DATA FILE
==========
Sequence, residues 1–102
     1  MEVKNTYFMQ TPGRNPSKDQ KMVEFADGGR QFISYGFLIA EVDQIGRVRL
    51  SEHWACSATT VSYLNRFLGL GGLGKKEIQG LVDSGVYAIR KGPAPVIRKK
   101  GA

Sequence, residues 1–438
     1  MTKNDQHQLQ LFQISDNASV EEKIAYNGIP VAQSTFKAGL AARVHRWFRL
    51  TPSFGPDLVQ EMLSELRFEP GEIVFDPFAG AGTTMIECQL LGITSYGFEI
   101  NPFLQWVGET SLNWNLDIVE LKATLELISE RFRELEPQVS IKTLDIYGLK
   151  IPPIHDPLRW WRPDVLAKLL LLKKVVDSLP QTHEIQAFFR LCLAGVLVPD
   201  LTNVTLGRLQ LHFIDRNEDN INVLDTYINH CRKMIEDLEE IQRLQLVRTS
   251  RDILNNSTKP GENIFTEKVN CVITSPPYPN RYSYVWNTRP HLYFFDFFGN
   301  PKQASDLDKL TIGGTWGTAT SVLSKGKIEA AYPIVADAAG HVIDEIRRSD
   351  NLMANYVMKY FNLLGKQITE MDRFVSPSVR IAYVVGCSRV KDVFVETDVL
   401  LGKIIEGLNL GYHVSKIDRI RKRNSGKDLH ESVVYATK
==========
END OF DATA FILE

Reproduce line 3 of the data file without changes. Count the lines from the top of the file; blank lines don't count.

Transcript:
    51  SEHWACSATT VSYLNRFLGL GGLGKKEIQG LVDSGVYAIR KGPAPVIRKK